söndag 25 januari 2009

Saturday with Gutenberg


I spent most of the Saturday with Gutenberg and it's Swedish relative, Projekt Runeberg and got so absorbed that I found no time to write about it. The day's find was a Swedish book with pictures and descriptions of craftsmen — yes they were all men.



Have you ever felt that you need to learn more about cauliflowers? Then this book s for you: The Cauliflower, 1891, by A. A. Crozier. It tells you all there is to know about growing cauliflowers and broccoli. There are even some recipes even if I don't find them too tempting.

23. Á la Louis XIV (Mr. S. J. Soyer).—Cauliflower, new-made butter, grated nutmeg, bouillon.
The cauliflower is to be repeatedly washed in lukewarm water, boiled with bouillon and a little nutmeg, drained and then shaken with butter over a fire. To be served as soon as the butter is melted.
28. Cauliflower Omelette.—Take the white part of a boiled cauliflower after it is cold, chop it very small, and mix with it a sufficient quantity of well beaten egg to make a very thick batter; then fry it in fresh butter, in a small pan, and send to the table hot.
Note:—This omelette makes a fine dressing to pour hot over fried chicken when ready to send to the table.

Look at this young ensign, how fine he looks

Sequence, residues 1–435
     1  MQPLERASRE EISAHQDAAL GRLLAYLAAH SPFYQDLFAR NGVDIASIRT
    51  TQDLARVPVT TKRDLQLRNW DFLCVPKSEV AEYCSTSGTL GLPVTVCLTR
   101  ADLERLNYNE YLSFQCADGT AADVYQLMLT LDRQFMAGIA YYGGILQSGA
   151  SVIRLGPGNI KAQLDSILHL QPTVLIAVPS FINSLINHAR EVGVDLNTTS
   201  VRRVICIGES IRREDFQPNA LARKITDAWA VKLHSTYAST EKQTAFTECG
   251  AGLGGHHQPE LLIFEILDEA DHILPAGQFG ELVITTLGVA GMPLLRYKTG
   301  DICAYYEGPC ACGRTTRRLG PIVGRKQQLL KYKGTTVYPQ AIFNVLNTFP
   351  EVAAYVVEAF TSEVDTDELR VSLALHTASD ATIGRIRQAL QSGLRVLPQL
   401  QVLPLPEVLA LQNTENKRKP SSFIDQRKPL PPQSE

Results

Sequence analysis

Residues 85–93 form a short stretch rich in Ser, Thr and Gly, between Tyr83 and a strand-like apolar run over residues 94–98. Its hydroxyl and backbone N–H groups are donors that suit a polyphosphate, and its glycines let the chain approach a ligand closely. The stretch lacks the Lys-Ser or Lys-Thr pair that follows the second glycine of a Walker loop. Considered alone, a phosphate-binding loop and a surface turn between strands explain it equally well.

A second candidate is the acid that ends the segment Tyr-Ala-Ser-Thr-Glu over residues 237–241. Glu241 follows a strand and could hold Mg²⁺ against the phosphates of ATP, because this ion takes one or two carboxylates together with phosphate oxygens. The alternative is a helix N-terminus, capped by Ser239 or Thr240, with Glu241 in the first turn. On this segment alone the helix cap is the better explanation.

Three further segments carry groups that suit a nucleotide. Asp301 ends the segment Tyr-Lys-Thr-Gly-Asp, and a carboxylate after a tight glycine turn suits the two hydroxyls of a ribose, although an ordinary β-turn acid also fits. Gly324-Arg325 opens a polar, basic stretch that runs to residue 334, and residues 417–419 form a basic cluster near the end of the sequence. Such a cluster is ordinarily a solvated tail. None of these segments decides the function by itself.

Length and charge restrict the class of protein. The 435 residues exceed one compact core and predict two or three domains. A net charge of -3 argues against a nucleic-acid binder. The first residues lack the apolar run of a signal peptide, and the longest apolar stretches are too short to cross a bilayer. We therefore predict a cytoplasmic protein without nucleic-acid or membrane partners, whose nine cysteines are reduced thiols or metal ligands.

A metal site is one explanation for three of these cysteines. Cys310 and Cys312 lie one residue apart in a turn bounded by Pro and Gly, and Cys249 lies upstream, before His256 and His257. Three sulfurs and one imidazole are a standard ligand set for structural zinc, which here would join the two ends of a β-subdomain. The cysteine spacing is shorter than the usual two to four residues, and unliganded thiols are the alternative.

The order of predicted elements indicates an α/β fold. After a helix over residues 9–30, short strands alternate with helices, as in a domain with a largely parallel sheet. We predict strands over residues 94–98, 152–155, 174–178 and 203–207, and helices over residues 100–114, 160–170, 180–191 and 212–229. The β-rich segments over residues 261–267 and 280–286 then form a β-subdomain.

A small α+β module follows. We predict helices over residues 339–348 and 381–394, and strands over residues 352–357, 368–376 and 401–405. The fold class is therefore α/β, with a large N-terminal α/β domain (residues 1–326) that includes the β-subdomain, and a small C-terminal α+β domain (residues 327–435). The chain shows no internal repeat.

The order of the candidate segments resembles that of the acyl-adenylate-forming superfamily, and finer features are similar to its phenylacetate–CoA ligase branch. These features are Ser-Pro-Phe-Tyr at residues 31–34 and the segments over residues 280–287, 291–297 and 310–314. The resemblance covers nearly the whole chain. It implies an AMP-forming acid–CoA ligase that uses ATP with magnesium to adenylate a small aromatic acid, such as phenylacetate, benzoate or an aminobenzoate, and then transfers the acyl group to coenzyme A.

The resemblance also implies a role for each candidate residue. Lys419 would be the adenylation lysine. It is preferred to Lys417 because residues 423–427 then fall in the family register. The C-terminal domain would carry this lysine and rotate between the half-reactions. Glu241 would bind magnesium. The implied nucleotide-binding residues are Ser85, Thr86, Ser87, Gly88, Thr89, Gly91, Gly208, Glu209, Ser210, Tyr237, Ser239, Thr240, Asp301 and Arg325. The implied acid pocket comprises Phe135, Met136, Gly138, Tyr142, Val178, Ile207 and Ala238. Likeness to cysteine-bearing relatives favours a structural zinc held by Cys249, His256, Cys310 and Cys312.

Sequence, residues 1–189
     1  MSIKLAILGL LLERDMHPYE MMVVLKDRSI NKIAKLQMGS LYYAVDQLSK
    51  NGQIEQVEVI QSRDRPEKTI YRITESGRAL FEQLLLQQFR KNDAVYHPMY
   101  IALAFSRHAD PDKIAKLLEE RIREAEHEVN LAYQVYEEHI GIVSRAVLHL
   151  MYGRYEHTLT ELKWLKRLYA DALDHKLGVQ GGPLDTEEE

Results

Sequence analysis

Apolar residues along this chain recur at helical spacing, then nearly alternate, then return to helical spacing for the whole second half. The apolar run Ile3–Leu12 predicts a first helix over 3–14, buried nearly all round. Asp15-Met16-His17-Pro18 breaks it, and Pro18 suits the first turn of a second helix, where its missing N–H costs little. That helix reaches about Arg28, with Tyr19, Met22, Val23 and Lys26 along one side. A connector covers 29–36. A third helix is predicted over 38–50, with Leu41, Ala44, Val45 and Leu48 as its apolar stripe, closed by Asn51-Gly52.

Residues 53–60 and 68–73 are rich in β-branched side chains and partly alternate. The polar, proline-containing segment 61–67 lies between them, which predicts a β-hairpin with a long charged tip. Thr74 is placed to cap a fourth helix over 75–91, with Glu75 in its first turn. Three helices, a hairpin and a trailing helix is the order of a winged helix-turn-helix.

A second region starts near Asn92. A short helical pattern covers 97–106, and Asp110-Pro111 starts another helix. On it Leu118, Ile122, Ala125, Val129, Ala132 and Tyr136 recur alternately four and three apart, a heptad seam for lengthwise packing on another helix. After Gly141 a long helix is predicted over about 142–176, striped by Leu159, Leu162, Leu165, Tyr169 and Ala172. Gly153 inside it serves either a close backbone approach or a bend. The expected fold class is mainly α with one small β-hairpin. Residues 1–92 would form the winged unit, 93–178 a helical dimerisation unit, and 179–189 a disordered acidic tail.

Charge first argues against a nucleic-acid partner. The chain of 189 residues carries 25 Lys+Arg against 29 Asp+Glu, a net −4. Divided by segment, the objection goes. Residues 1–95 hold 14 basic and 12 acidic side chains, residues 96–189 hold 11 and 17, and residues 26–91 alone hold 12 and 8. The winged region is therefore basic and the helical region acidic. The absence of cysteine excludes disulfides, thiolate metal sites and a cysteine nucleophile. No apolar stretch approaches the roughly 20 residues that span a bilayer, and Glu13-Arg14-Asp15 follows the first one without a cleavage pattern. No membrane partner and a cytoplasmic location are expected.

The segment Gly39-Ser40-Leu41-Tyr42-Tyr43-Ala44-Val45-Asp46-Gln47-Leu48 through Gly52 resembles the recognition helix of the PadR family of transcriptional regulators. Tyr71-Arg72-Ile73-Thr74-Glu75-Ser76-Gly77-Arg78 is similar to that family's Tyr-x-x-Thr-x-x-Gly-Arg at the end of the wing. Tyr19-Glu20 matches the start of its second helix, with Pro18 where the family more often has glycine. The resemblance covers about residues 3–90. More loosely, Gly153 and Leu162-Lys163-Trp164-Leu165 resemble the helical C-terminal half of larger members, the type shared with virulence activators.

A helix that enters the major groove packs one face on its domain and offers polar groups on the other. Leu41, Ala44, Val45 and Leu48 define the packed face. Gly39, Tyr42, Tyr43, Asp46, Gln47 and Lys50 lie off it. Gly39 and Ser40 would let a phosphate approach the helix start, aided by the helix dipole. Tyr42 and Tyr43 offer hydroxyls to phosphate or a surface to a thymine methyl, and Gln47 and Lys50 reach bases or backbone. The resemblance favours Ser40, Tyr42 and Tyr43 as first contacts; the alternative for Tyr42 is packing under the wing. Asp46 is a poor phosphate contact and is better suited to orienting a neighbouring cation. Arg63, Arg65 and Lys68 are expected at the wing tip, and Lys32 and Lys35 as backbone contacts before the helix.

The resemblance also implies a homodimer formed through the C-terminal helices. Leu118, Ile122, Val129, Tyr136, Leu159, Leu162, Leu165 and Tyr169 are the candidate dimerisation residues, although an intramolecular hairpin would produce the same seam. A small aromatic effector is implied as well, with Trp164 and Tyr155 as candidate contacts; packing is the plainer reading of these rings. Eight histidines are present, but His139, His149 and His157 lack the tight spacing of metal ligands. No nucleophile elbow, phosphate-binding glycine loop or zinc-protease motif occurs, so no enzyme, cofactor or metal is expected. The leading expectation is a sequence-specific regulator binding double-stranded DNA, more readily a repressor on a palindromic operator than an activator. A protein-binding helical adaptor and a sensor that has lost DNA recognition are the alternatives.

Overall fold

with his banner and his sword. Wouldn’t you
like to be a soldier? to fight for your country?
I don't know when "Young Soldier" by unknown author and illustrator was printed — but I'm sure it is rather old. It only contains eight pictures with a short text to each, and that is more than enough as it glorifies war and soldiers.

It was much more fun to read "The Allinson Vegetarian Cookery Book" by Thomas R. Allinson. I have seen it before and even if there aren't many recipes I'd like to try it gives you a glimpse into the past to read this kind of books.

Baking powder, soda, and tartaric acid, or soda and hydrochloric acid, or ammonia and hydrochloric acid, or other chemical agents, must never be used for raising bread, as these substances are injurious, and affect the human system for harm. The only ferment that should be used is yeast; of this the French variety is best. If brewer's yeast is used it must be first well washed, otherwise it gives a bitter flavour to the loaf. A small quantity of salt may be used, but not much, otherwise it adds an injurious agent to the bread.

This is as sweet and pure a bread as the finger-rolls, and keeps fresh for several days, as it has to be mixed fairly moist. 2 lbs. of Allinson wholemeal, 1-1/2 pints of milk and water; mix these to a thick paste, and put the mixture into some small greased bread tins. Loaves the size of the twopenny loaves will want 1-1/2 hours in a hot oven.
I don't think I'll try this unfermented bread — it might keep fresh for some days but I wonder if it is possible to slice it — or chew it!
These Sly cakes remind me of what an English friend call sad cakes.

1 lb. Allinson wholemeal flour, 8 oz. butter, 8 oz. currants, 2 oz. sugar, and 6 drops essence of lemon; mix the flour and sugar, and make it into a smooth paste with water, but do not make it very wet. Roll out 3 times, and spread in the butter as for pastry; roll it very thin, and cut into rounds or square cakes. Spread half of them very thickly with currants, press the others very gently on the top, so as to form a sandwich, and bake in a quick oven till a light brown.

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